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William Lee Cazort was a familiar figure in Arkansas politics throughout the 1920s and 1930s. He served several terms in the state legislature and three times as lieutenant governor, but his political ambitions were checked by three unsuccessful gubernatorial bids.
The scion of a prominent local family, Lee Cazort was born on December 3, 1887, near Cabin Creek (now Lamar) in Johnson County. He was the son of Belle Gardner and John Robert Cazort. His father was invested in interests as diverse as land, lumber, livestock, cotton, and mercantile trade. Popularly known as Cazort Brothers, the family business was a virtual empire that operated throughout Arkansas and into neighboring states.
Cazort grew up in a household of eight children. He went to public school in Lamar and finished high school in Fort Smith (Sebastian County). He attended Hendrix College in Conway (Faulkner County) from 1903 to 1904 and the University of Arkansas (UA) in Fayetteville (Washington County) in 1907. In 1910, Cazort received a law degree from Washington and Lee University in Lexington, Virginia. He returned home to practice law in Fort Smith and to manage his orchards on Big Danger Mountain in Johnson County. He married Rachel Cline of Newton County on December 1, 1916. They had four children.
In 1915, Cazort was elected to represent Johnson County in the Arkansas House of Representatives. That year, he introduced the Tick Eradication Act and later sponsored an act to provide free textbooks for the first eight grades in Arkansas public schools. In 1917, he became House speaker.
In 1919, Cazort was elected to represent Johnson and Pope counties in the state Senate. He sponsored a resolution supporting women’s suffrage as the Nineteenth Amendment was being considered in the U.S. Senate. In 1921, he served as president of the state Senate.
In his day, Cazort was the youngest man to have served in the General Assembly as speaker of the House (age twenty-nine) and later as president of the Senate (age thirty-three). Cazort attracted the attention of James A. Comer, the Exalted Cyclops and Grand Dragon of the state Ku Klux Klan (KKK). With the support of Comer’s corrupt political machine, Cazort sought the 1924 Democratic gubernatorial nomination as the Klan candidate. This caused a stir among the other candidates, as many also claimed to be avid Klansmen. The Klan vote was split. Cazort placed second in a field of six, losing to Tom J. Terral. His defeat weakened Comer’s leadership and heralded the decline of the Klan’s influence on Arkansas politics in the late 1920s.
Cazort bided his time serving as a member of the Penitentiary Commission (1927–1928). In 1928, he was elected lieutenant governor and, in 1929, moved to Little Rock (Pulaski County). He succeeded Harvey Parnell, who was elected governor. The two did not have an amicable working relationship, in part because of competitive political ambitions. Parnell reputedly refused to attend President Herbert Hoover’s drought conference in August 1930 because he did not want to leave Cazort as acting governor.
Cazort did not seek reelection as lieutenant governor in 1930. Instead, he made a second bid for the Democratic gubernatorial nomination. Running a campaign sharply critical of Parnell’s control of state finances, Cazort charged the governor with cronyism in his selection of highway commissioners. Cazort later withdrew from the race and supported the candidacy of Brooks Hays. Afterward, Cazort returned to practicing law in Little Rock, where he specialized in representing World War I veterans in insurance claims.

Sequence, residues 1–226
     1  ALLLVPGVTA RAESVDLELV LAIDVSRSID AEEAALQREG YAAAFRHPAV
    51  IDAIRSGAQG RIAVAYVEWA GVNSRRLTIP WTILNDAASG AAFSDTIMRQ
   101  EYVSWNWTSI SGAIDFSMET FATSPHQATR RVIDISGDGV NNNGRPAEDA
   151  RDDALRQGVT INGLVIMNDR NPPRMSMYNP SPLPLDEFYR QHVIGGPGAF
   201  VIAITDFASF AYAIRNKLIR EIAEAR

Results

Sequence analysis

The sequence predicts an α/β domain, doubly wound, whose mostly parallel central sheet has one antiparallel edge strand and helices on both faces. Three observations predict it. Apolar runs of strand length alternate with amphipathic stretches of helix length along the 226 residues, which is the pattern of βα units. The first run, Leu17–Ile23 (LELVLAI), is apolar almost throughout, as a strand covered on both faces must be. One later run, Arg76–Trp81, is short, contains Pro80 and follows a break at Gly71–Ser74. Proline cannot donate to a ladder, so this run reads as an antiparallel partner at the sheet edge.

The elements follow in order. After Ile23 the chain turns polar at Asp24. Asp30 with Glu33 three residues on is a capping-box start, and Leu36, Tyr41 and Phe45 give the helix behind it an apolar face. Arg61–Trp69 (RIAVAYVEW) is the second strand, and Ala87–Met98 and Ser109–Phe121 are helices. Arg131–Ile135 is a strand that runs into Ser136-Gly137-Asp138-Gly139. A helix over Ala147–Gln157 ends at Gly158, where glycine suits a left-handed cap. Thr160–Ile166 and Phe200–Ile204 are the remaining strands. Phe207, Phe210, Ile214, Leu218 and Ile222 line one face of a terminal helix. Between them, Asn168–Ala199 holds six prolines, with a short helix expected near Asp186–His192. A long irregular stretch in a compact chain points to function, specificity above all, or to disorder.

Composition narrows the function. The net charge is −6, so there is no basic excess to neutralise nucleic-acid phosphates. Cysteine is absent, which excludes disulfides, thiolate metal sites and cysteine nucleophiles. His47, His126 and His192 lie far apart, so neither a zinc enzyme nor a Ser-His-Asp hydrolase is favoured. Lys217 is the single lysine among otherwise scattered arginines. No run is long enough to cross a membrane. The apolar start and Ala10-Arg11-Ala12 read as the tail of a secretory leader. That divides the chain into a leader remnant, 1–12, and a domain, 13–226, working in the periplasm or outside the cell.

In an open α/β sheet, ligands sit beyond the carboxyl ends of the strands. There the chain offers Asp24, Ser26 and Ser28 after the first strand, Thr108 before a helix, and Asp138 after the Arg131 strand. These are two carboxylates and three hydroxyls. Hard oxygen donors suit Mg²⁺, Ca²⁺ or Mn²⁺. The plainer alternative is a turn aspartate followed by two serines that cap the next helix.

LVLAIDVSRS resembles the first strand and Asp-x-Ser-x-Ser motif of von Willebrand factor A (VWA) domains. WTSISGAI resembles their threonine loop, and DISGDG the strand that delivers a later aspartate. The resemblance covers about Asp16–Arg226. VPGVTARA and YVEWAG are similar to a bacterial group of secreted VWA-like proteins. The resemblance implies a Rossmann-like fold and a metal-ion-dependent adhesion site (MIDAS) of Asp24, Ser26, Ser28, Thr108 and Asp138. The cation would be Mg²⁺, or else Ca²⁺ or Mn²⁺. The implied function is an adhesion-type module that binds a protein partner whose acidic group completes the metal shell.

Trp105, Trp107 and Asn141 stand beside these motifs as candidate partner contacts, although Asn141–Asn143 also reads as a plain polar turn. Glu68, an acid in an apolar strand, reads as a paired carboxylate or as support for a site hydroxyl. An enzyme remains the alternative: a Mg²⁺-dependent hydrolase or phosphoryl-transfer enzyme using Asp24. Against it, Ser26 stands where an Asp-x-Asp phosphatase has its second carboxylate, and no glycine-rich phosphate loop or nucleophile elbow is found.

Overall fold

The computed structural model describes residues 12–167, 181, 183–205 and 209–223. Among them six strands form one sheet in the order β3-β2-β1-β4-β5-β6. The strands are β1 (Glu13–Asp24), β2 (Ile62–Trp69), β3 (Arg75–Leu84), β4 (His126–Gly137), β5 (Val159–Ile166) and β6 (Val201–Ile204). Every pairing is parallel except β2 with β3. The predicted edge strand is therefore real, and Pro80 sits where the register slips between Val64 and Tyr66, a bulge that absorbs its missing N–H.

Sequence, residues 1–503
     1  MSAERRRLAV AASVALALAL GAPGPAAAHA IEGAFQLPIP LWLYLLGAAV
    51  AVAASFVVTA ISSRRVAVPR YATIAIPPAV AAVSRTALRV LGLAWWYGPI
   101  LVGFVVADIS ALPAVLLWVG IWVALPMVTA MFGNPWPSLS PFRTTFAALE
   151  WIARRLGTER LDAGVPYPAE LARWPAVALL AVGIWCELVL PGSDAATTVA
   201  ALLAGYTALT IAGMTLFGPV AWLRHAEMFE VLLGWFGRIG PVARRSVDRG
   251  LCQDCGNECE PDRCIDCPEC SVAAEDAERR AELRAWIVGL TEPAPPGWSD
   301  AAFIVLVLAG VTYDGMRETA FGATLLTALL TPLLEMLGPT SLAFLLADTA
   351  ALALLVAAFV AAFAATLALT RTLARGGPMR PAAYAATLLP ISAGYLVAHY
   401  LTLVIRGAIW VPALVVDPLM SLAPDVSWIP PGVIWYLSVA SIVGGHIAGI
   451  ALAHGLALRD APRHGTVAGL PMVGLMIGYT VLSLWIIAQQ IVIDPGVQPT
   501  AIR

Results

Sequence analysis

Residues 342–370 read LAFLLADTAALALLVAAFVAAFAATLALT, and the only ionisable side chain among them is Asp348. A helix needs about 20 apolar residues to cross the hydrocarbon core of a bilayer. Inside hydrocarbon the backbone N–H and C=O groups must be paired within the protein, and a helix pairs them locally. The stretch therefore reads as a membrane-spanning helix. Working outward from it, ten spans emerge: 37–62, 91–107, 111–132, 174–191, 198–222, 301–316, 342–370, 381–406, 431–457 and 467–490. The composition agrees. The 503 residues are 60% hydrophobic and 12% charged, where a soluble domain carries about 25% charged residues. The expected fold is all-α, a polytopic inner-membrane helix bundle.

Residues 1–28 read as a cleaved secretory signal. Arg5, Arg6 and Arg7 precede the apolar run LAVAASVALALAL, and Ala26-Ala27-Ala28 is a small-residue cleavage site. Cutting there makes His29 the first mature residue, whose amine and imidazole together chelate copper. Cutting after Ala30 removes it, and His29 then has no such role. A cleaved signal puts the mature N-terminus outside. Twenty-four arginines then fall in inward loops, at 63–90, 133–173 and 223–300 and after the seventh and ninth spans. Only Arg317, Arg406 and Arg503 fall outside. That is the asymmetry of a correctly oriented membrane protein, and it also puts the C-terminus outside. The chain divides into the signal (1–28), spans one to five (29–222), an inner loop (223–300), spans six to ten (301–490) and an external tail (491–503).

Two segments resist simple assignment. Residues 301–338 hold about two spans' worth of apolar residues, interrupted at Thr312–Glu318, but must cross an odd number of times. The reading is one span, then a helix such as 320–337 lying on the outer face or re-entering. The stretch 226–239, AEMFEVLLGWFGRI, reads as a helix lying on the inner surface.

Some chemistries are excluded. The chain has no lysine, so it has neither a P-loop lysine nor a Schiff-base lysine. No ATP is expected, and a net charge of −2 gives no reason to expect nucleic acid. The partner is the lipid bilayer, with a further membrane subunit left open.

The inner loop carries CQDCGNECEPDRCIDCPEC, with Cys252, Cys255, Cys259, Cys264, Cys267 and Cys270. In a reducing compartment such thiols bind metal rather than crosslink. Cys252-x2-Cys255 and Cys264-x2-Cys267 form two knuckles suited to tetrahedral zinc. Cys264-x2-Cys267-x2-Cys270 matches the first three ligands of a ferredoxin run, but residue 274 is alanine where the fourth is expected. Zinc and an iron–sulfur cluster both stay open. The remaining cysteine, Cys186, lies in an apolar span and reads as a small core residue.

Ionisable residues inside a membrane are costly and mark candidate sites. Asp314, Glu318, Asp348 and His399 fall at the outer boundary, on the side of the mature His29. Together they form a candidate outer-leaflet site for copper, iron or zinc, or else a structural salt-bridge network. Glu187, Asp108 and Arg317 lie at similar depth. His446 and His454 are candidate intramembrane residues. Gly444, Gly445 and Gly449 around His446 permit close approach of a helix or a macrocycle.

In 1932, Cazort won a second term as lieutenant governor and was reelected unopposed in 1934. As acting governor, he announced the appointment of an honorary commission celebrating Arkansas’s 100th anniversary. In 1937, Governor Junius Marion Futrell appointed Cazort to the newly formed Public Welfare Commission. Futrell’s commission had been under criticism for its poorly conceived implementation. Three days later, Cazort tendered his resignation. He stated that his duties as the presiding officer of the Senate would hinder his ability to serve fully as a member on the commission.
As the 1936 Democratic gubernatorial campaign was underway, Cazort wooed the electorate again. He withdrew three weeks before the primary in favor of Carl E. Bailey, who was elected. This was the last time Cazort ran for office.
In 1937, he was appointed federal referee in bankruptcy for the Eastern District of Arkansas; subsequently his duties expanded to encompass all three federal court districts in the state. He held this position until he retired in 1964.
Cazort died on October 6, 1969, in a Little Rock hospital. He is buried in Oakland Cemetery in Little Rock.
For additional information:Alexander, Charles C. “Defeat, Decline, Disintegration: The Ku Klux Klan in Arkansas, 1924 and After.” Arkansas Historical Quarterly 22 (Winter 1963): 311–331.
Cazort, William Lee. “Radio address of Lee Cazort, candidate for governor, giving startling information concerning political conditions in Arkansas.” Special Collections. University of Arkansas Libraries, Fayetteville, Arkansas.
May Hope Moose Papers. Special Collections. University of Arkansas Libraries, Fayetteville, Arkansas.
Geoffery L. StarkUniversity of Arkansas, Fayetteville
Last Updated 6/4/2013
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